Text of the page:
Picture of the Crick Centre reception areaThe Crick Centre Opens in the Department of Politics

We are delighted to announce that the Crick Centre has now moved into brand new offices in the Department of Politics, providing a fresh and inspiring environment for students, academics, practitioners and members of the public to visit.

The Crick Centre is all about inspiring people to engage with politics, in all its forms, so the new office walls are covered with important statements about politics written by Sir Bernard Crick, which encapsulate the principles that guide the Centre.

The new physical presence of the Crick Centre in the Department of Politics at the University of Sheffield is an exciting development. The Centre is a global, outward facing and vibrant academic centre, bringing together different communities to improve people’s understanding of democratic politics in the 21st Century.

The Centre was launched by Professor Matthew Flinders, author of Defending Politics, who is interested in the future of democracy, its limitations and potential, how we can understand it better, and how we can improve it. Professor Flinders is currently working on how we can engage young people in democracy through arts projects, and how academics can become more involved in democracy by co-producing their research with the public.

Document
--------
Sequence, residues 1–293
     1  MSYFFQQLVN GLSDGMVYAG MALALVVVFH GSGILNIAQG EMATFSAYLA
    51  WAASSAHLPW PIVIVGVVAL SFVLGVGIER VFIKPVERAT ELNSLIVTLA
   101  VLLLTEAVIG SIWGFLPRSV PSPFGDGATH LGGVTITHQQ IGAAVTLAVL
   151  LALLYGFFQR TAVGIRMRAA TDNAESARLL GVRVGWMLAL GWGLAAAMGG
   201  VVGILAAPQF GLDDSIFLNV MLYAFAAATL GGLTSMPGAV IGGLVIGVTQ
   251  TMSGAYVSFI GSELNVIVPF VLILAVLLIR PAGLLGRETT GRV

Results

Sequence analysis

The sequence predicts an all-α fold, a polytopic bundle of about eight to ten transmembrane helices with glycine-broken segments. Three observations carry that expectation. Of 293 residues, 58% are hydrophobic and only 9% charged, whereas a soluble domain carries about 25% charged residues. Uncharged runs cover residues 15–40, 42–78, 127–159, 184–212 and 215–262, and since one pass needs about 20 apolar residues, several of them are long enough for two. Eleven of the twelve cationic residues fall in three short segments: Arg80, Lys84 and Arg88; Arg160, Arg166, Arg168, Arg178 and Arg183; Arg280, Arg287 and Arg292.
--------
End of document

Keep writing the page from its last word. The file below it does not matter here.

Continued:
Also at the core of the Crick Centre team are Deputy Directors Dr Katharine Dommett and Dr Matthew Wood. Katharine is a lecturer in the Department of Politics and leads on the Centre’s programme of training for academics, introducing them to how they can present their research to Parliamentary Select Committees. Matthew is a postdoctoral research who drives the Crick Centre’s research agenda and is currently working on a range of topics, as diverse as changing forms of political activism and moral panics to the democratic legitimacy of delegated bodies and the ‘impact’ agenda in political science.

Find out more about the Crick Centre.

Picture of quote in the Crick CentrePicture of the computer area in the Crick Centre